Reef younis has one last look at 2011: the year the papers messed with music.

Illustration by Gareth Arrowsmith

Illustration by Gareth Arrowsmith


Google informs me that 2011 was the Chinese Year of the Rabbit, an animal symbolising “creativity, compassion and sensitivity”. It felt like a different beast rose to prominence last year, though, one sadly lacking all of the above qualities. 2011 was actually the year of the fuckwit; a special breed that’s blind, deaf and dumb to anything but their own mindless, antagonistic rhetoric and an impressively narcissistic obsession with generating as much controversy as possible.

Old news, you might say, particularly as the worst kind of gay-baiting and ethnic-bashing has always largely been restricted to the gutter press columns and the Daily Mail amoebas.

Only marginally less hate-fuelled and venomous than a Jan Moir article, though, 2011 was the year the broadsheet music press decided something went horribly wrong. A total bust of a year where Wild Beasts, Metronomy, M83, Beirut, Ghostpoet, Bon Iver, PJ Harvey, Mogwai and countless others released albums of interminable quality covering the length, breadth and depth of the music spectrum. But then the Guardian also felt compelled to introduce us to the Music Power 100 – a miserable list of lawyers, executives and Team Adele as the main influencers greasing the industry wheels and give us the wild inside scoop that pop music in 2011 was “beige” and “boring”, which, by its own logic, would be Adele. Obviously. Elsewhere, the New York Times lamented the stale state of major-label rock bands, generously doing enough furious distressing over the continued existence of Nickelback for all of us, but it was the Independent’s Jonathan Owen that stormed to the title courtesy of the below:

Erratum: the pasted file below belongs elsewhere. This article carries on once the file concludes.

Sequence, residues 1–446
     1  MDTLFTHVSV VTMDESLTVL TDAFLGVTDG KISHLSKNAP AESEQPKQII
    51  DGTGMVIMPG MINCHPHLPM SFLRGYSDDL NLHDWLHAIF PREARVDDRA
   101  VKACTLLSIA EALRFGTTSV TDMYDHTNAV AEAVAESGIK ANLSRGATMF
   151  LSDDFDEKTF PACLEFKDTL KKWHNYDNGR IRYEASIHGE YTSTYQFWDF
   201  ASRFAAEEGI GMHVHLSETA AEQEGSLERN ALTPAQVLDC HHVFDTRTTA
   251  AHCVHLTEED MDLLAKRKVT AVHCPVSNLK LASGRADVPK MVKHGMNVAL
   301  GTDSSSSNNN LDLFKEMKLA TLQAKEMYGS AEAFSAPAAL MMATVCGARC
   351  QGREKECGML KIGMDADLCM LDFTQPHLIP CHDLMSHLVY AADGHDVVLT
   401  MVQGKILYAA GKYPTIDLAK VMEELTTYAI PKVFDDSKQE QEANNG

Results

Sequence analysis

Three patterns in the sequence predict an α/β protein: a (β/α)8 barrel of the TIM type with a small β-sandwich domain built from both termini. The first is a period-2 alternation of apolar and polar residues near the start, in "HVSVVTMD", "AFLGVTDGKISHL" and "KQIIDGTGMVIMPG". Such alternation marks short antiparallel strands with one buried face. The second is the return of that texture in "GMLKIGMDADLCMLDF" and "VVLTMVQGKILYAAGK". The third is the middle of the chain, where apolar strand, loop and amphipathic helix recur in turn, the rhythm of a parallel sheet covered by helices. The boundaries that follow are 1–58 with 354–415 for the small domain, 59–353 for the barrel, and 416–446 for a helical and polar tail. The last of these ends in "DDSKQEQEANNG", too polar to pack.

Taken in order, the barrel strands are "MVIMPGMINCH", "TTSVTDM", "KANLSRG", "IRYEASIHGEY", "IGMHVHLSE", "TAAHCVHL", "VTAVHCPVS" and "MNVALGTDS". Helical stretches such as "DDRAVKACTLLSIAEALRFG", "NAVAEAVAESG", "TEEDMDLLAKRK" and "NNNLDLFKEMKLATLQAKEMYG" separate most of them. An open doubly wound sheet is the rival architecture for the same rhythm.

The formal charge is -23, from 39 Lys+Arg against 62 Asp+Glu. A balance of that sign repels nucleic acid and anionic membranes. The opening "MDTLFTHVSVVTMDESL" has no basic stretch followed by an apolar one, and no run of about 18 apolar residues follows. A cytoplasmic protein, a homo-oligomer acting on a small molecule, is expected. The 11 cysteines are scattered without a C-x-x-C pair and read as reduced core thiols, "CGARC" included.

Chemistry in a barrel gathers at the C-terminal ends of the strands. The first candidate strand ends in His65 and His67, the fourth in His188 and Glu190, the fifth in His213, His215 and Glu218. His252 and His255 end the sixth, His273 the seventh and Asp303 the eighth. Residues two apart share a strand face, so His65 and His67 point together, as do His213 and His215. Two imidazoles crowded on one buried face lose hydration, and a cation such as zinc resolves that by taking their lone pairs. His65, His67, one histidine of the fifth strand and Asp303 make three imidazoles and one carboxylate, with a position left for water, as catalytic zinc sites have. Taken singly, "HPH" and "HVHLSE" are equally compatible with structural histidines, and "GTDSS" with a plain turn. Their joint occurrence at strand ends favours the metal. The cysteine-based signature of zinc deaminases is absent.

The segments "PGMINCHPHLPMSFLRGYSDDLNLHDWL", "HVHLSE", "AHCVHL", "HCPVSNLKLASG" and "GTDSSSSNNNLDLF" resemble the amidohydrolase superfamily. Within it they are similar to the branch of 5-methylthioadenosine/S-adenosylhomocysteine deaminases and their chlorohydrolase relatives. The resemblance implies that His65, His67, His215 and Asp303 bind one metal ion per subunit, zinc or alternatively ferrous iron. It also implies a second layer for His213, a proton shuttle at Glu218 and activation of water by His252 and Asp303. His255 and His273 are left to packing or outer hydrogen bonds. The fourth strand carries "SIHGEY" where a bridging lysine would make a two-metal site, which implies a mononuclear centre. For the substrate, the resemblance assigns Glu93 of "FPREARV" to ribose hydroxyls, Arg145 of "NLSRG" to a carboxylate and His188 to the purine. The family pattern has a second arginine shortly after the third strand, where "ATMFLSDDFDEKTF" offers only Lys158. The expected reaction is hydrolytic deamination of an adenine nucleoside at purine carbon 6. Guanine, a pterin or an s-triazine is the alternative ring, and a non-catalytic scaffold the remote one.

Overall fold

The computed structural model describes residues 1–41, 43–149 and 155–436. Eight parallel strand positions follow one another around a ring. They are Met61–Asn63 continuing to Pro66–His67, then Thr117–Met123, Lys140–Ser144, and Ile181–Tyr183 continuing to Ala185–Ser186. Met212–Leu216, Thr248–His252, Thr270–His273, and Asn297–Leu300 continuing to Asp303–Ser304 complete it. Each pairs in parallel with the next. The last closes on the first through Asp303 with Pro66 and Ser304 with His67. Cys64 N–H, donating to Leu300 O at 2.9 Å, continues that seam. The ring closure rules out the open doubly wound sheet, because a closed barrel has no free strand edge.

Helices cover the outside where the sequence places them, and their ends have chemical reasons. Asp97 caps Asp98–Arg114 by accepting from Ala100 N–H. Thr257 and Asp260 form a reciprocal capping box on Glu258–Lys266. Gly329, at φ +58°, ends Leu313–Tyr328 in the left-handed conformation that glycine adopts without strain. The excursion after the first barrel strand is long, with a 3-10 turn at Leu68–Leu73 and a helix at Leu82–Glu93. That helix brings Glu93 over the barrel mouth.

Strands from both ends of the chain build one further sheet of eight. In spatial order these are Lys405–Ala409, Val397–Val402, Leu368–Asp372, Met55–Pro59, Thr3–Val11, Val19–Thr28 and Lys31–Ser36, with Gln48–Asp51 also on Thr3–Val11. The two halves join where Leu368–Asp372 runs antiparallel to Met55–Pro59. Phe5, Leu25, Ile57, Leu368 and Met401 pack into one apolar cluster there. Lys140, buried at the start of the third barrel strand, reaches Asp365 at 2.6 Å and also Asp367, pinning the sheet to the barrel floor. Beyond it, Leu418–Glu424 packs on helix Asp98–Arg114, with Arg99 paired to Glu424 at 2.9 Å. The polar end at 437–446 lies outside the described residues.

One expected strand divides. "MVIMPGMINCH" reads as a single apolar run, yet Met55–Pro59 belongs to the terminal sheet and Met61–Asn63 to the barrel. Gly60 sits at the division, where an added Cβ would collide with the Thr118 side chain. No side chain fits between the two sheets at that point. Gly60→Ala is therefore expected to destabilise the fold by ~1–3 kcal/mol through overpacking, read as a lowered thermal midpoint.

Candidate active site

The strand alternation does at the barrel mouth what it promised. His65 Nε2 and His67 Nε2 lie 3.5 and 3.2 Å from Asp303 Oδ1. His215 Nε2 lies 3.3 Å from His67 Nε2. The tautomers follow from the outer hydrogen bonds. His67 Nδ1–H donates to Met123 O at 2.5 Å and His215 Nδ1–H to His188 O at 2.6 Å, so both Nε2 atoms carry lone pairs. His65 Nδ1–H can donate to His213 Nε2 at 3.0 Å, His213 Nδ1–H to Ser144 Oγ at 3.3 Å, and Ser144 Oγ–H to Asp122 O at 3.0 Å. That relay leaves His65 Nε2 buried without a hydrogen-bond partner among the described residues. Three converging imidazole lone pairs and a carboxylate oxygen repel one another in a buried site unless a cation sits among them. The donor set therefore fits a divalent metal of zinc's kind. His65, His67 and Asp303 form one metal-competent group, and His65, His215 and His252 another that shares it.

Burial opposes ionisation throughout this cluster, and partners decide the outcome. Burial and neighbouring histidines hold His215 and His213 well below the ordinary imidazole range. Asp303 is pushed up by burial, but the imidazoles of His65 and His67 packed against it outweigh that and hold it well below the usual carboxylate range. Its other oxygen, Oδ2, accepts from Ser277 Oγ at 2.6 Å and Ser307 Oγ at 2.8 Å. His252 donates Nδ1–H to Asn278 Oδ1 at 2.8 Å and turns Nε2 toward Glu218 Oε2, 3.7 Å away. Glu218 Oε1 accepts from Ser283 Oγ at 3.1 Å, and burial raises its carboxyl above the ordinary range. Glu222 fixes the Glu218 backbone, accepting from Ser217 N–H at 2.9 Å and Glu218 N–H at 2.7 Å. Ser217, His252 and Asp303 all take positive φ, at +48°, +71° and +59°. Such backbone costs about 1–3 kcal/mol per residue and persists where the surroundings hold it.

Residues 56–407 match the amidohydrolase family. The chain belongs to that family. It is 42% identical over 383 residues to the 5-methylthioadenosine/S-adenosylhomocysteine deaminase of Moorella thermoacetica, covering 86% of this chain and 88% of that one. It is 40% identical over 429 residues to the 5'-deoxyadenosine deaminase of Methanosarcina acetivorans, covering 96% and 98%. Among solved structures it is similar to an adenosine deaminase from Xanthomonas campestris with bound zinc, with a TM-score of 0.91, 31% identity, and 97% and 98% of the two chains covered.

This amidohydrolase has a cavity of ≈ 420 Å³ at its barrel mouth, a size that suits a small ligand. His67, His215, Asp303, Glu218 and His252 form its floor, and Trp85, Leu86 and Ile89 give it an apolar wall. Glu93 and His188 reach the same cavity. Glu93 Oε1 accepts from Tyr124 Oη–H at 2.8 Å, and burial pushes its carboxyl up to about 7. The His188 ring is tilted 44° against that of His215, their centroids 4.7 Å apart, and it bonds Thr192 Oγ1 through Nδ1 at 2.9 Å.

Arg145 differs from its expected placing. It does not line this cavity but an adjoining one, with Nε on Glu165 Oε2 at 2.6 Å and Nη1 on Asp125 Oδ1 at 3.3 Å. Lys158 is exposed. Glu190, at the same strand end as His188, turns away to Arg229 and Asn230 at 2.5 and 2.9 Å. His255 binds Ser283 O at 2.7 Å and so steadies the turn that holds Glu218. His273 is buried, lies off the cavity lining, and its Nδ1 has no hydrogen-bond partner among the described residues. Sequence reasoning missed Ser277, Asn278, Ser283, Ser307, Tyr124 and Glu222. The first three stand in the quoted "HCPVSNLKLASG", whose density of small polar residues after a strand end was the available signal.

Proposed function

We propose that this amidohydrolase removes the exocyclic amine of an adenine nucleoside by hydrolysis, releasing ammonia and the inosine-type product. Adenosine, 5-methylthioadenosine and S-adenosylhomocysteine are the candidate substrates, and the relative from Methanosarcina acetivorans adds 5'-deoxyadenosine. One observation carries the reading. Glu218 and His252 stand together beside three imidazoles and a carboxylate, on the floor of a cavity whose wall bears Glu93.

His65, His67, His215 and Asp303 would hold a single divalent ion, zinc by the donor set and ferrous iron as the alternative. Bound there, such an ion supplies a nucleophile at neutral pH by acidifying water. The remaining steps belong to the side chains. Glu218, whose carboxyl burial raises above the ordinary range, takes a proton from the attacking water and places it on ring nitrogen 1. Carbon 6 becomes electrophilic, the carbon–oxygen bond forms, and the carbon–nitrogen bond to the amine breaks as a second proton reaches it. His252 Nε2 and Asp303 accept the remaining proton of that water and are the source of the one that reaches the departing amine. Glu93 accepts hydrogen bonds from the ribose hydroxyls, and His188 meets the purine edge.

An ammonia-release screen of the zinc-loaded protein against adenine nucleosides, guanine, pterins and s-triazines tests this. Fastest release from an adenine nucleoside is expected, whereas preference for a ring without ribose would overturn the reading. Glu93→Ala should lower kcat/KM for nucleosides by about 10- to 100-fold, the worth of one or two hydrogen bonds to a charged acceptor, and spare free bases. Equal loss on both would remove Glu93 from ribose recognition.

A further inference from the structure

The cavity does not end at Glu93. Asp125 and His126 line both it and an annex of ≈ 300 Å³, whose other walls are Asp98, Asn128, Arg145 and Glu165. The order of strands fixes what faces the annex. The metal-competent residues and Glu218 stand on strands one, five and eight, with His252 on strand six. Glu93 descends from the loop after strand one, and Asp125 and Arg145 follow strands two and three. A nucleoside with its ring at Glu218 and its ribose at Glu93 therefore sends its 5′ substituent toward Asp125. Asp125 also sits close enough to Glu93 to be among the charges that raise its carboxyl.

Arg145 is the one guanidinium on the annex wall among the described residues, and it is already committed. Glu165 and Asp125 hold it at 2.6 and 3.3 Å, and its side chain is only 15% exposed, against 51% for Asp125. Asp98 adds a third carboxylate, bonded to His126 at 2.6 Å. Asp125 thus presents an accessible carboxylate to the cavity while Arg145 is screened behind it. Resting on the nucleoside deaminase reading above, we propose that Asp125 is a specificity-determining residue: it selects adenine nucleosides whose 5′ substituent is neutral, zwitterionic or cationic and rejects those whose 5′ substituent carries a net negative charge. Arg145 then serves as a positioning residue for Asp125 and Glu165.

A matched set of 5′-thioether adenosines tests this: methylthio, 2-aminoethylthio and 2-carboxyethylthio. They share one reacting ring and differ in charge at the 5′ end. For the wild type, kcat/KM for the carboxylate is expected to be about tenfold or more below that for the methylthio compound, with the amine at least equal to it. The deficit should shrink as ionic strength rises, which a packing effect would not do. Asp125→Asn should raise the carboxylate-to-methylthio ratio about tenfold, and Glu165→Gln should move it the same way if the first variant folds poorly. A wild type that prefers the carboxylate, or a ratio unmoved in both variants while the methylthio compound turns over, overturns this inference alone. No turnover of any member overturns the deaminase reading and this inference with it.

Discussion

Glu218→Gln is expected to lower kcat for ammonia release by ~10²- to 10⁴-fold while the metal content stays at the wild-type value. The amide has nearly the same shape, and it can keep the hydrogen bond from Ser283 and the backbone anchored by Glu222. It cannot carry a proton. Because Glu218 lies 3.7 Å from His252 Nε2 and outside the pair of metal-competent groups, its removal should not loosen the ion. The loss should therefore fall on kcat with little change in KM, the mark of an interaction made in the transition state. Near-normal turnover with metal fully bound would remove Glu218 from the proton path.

“Britain’s music critics have outdone themselves in finding some bands so obscure they wouldn’t even be famous in their own homes. One tUnE-yArDs has sold just a few thousand copies of its ‘Whokill’ album. And the back catalogues of acts such as Bon Iver, Fleet Foxes, Wild Beasts, Kurt Vile, James Blake and the Horrors are not exactly troubling the bestseller charts. It’s a slap in the face for such music juggernauts as Coldplay, Lady Gaga and Rihanna, who are conspicuous by their absence… in the Top 10 that really counts – sales – Adele’s first two albums have sold more than any other record in Britain this year.”

Firmly on the Adele bandwagon, not entirely sure who PJ Harvey is and failing to grasp the basic concept of objective end of year music polls, the some-time music writer’s formulaic approach to critical, subjective selections is a devastatingly easy one: sales = the best albums. Thank God it’s the New Year.

By Reef Younis

Originally published in issue 34 (vol 3) of Loud And Quiet. January 2012

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